Freeman Dyson (1923–2020)—renowned scientist, visionary, and iconoclast—helped invent modern physics. Not bound by disciplinary divisions, he went on to explore foundational topics in mathematics, astrophysics, and the origin of life. General readers were introduced to Dyson's roving mind and heterodox approach in his 1979 book Disturbing the Universe, a poignant autobiographical reflection on life and science. “Well, Doc, You're In” (the title quotes Richard Feynman's remark to Dyson at a physics conference) offers a fresh examination of Dyson's life and work, exploring his particular way of thinking about deep questions that range from the nature of matter to the ultimate fate of the universe.
The chapters—written by leading scientists, historians, and science journalists, including some of Dyson's colleagues—trace Dyson's formative years, his budding interests and curiosities, and his wide-ranging work across the natural sciences, technology, and public policy. They describe Dyson's innovations at the intersection of quantum theory and relativity, his novel nuclear reactor design (and his never-realized idea of a spacecraft powered by nuclear weapons), his years at the Institute for Advanced Study, and his foray into cosmology. In the coda, Dyson's daughter Esther reflects on growing up in the Dyson household. “Well, Doc, You're In” assesses Dyson's successes, blind spots, and influence, assembling a portrait of a scientist's outsized legacy.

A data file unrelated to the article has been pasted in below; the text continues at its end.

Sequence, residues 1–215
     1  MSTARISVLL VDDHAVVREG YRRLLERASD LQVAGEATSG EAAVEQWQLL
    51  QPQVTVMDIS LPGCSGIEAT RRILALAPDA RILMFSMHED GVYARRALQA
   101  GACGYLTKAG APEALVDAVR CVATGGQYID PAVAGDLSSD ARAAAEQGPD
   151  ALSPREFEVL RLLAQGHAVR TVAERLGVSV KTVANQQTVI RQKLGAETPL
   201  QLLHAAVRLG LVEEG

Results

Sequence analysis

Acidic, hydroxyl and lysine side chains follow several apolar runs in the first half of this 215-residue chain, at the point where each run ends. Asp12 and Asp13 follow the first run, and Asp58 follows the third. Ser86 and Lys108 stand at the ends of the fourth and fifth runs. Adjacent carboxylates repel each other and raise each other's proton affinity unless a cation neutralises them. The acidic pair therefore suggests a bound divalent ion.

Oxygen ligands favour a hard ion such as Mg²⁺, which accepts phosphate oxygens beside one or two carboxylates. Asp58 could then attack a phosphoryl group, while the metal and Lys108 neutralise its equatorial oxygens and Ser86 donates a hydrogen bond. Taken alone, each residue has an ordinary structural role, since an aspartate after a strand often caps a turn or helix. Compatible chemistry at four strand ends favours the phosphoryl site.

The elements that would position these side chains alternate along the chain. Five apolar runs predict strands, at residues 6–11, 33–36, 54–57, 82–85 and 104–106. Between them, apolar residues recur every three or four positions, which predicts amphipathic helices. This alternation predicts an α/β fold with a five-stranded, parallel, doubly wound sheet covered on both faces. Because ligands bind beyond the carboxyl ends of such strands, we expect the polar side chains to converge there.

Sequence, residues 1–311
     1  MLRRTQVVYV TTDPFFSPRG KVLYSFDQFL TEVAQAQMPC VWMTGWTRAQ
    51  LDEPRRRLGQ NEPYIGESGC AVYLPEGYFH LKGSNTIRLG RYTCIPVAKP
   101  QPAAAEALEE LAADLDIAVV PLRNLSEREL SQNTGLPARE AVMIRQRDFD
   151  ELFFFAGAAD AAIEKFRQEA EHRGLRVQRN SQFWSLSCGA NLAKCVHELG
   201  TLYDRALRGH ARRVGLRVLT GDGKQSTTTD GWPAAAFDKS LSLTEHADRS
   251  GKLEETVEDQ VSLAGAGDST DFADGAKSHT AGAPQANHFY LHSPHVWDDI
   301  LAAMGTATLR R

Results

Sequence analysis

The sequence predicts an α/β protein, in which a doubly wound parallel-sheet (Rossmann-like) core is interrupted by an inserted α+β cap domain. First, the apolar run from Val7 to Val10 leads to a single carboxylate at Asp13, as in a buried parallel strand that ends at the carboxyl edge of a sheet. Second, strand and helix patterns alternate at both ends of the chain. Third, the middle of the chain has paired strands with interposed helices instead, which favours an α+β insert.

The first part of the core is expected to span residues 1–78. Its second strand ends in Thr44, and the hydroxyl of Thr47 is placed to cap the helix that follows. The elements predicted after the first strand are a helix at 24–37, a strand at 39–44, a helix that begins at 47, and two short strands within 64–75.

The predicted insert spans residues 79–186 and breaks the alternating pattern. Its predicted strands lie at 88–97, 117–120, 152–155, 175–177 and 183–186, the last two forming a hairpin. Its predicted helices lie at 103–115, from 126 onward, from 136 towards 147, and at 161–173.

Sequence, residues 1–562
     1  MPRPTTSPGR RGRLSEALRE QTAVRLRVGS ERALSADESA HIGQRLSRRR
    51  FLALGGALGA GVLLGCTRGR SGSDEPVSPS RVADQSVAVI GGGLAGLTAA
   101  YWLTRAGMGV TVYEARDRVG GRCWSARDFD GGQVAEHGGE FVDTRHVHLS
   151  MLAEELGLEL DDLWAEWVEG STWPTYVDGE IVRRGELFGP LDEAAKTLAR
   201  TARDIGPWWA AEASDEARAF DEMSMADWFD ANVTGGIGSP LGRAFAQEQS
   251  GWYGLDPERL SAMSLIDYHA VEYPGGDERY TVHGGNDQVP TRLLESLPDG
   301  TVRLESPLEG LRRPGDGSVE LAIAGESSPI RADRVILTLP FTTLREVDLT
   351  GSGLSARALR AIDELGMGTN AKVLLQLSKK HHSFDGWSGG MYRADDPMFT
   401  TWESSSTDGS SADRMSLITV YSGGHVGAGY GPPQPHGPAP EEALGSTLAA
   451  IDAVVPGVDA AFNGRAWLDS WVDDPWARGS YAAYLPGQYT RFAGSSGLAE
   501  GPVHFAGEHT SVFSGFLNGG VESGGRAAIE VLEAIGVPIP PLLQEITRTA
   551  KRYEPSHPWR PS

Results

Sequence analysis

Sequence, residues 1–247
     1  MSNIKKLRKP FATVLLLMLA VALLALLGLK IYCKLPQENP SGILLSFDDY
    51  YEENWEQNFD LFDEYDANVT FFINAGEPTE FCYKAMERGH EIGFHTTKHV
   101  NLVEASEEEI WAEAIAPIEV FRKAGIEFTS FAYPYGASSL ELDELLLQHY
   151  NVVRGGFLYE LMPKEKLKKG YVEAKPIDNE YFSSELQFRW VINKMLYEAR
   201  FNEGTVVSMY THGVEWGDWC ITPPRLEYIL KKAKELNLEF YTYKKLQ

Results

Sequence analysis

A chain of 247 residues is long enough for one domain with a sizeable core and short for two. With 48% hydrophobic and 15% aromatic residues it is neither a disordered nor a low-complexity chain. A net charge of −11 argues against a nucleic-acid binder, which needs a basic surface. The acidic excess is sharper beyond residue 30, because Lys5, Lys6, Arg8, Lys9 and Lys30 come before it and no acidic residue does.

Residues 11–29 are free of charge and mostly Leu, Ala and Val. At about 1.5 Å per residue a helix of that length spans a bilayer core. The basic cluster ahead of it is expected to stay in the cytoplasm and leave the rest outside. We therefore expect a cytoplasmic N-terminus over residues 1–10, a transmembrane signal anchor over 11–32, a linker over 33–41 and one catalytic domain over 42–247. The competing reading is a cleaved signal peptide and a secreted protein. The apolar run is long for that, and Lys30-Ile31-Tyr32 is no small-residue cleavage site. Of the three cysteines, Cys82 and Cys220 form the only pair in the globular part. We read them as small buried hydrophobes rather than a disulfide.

Contributors include: Jeremy Bernstein, Robbert Dijkgraaf, Esther Dyson, George Dyson, Ann Finkbeiner, Amanda Gefter, Ashutosh Jogalekar, David Kaiser, Caleb Scharf, William Thomas.
David Kaiser is Germeshausen Professor of the History of Science and Professor of Physics at MIT. He is the author of several award-winning books on the history of science, including Quantum Legacies: Dispatches from an Uncertain World, and the editor of Becoming MIT: Moments of Decision (MIT Press). His work has been featured in Science, Nature, the New York Times, and the New Yorker.
"This remarkable volume not only surveys the staggeringly diverse activities of Freeman Dyson — spanning World War II, the Cold War, and the cosmos — but also what thinking like Dyson must have been like. It's engrossing."
—Michael D. Gordin, historian of science, Princeton University
“These riveting essays will appeal to initiates as well as newcomers to Dyson’s wide-ranging and playful genius. His faith in science as a conspiracy of brains against ignorance remains particularly consoling and inspiring today.”
—Nell Freudenberger, author of Lost and Wanted
“A wonderful series of vignettes on Dyson's singular path through the universe, which left an indelible mark in a wide range of fields, from quantum electrodynamics to matters of war and peace.”
—Juan Maldacena, Carl P. Feinberg professor at the Institute for Advanced Study